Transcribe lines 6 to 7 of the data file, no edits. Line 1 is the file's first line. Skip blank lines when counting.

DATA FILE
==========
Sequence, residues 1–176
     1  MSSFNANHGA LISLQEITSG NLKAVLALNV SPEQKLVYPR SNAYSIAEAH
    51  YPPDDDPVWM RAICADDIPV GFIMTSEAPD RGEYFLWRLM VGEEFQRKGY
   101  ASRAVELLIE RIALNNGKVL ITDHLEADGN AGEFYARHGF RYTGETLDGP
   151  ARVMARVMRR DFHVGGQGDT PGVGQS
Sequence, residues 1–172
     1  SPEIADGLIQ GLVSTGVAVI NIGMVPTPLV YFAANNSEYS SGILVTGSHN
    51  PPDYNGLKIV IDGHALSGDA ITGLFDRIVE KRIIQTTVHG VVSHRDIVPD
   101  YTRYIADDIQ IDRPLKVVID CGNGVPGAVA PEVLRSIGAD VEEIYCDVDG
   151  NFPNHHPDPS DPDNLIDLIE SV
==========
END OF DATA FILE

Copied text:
Sequence, residues 1–172
     1  SPEIADGLIQ GLVSTGVAVI NIGMVPTPLV YFAANNSEYS SGILVTGSHN